Ulysses spacecraft data has been used to measure the region of solar wind disturbed by a comet. The comet, C/2006 P1 McNaught, is now known to hold the record for the largest effect on its surrounding space.
Comets have three parts: the core, or nucleus, made of ice and rock; the coma or head, which is a vast cloud of gas and dust surrounding the nucleus; and the tail, which is often split in two (one part composed of gas, the other of dust).
Scientists usually measure a comet by the size of its nucleus or the length of its tail(s).
But now, a group led by Dr Geraint Jones of University College London’s (UCL) Mullard Space Science Laboratory, has used data from the Ulysses spacecraft to measure the region of space disturbed by Comet McNaught’s presence.
Magnetic field measurements show evidence of a shockwave surrounding the comet, formed when ionised gas emitted from the nucleus joined the fast-flowing particles of the solar wind, causing the wind to slow down abruptly.
In early 2007, Comet McNaught became the brightest comet visible from Earth in 40 years.
Serendipitously, Ulysses made an unexpected crossing of Comet McNaught’s tail during this time, one of three unplanned encounters with comet tails during the spacecraft’s 19-year mission. (The other encounters included Comet Hyakutake in 1996, the current record-holder for the comet with the longest measured tail.)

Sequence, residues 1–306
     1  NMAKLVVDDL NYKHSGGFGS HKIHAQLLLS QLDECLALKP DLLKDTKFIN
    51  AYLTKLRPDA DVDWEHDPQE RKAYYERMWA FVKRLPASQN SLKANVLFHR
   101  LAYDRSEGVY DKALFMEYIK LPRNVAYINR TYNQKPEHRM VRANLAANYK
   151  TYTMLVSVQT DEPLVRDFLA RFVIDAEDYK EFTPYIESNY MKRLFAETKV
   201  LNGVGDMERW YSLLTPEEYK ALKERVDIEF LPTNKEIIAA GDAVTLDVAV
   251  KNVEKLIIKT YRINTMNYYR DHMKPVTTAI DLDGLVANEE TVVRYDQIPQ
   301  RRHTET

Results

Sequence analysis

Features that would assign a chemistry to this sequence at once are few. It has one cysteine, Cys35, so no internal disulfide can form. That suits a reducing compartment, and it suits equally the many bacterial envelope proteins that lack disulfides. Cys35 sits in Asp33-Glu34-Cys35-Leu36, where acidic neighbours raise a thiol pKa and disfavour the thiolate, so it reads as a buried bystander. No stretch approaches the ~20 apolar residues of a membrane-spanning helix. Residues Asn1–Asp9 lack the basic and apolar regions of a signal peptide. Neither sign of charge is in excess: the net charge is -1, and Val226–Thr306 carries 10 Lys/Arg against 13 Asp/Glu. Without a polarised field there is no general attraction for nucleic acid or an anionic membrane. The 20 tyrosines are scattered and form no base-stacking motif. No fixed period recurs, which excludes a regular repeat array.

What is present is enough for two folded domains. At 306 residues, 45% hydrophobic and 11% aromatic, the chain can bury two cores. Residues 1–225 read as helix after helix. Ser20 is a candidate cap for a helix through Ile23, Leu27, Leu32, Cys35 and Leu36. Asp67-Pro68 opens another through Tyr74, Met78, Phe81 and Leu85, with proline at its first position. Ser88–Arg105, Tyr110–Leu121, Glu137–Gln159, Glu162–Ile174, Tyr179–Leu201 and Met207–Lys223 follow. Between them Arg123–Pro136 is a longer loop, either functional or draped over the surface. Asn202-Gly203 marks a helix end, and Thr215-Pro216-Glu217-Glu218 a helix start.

Ulysses crossed McNaught’s gas tail at a distance downstream of the comet’s nucleus more than 1.5 times the distance between the Earth and the Sun. This is far beyond the spectacular tail of dust particles that was visible from Earth in 2007.
Ulysses took an incredible 18 days to travel through the solar wind affected by Comet McNaught, compared to just 2.5 days for Comet Hyakutake.
“This shows that the comet was not only spectacular from the ground; it was a truly immense obstacle to the solar wind,” says Dr Jones.
A comparison with crossing times for other comet encounters demonstrates the huge scale of Comet McNaught. The Giotto spacecraft’s encounter with Comet Grigg-Skjellerup in 1992 took less than an hour, while the famous Comet Halley took only a few hours.
Adapted from information issued by the RAS. Image credits: Sebastian Deiries, ESO / NASA / ESA.